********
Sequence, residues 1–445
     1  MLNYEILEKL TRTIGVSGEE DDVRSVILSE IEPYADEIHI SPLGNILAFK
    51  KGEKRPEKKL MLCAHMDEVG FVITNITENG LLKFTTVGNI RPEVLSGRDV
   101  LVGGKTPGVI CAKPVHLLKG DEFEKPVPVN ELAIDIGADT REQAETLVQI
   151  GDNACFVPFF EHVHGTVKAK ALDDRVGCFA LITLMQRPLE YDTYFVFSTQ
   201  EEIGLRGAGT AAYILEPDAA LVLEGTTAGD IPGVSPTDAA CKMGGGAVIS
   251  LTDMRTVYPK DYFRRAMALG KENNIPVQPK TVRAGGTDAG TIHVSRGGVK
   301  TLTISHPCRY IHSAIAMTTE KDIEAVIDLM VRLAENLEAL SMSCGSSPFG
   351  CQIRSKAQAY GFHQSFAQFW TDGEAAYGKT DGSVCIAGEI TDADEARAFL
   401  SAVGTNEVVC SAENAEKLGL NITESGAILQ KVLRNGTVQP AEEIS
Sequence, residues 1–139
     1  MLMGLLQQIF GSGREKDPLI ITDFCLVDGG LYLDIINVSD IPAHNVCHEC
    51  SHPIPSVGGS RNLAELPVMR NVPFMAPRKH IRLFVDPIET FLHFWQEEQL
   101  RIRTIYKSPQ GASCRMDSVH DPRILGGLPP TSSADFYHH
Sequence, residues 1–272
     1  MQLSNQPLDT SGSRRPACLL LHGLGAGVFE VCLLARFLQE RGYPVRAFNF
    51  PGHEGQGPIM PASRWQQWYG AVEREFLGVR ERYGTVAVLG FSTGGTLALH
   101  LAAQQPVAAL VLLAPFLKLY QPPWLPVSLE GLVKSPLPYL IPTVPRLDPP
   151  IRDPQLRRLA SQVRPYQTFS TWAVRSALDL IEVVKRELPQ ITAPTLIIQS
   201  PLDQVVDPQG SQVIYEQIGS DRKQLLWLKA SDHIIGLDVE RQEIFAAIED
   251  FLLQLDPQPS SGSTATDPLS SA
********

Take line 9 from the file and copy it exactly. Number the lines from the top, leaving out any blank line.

   351  CQIRSKAQAY GFHQSFAQFW TDGEAAYGKT DGSVCIAGEI TDADEARAFL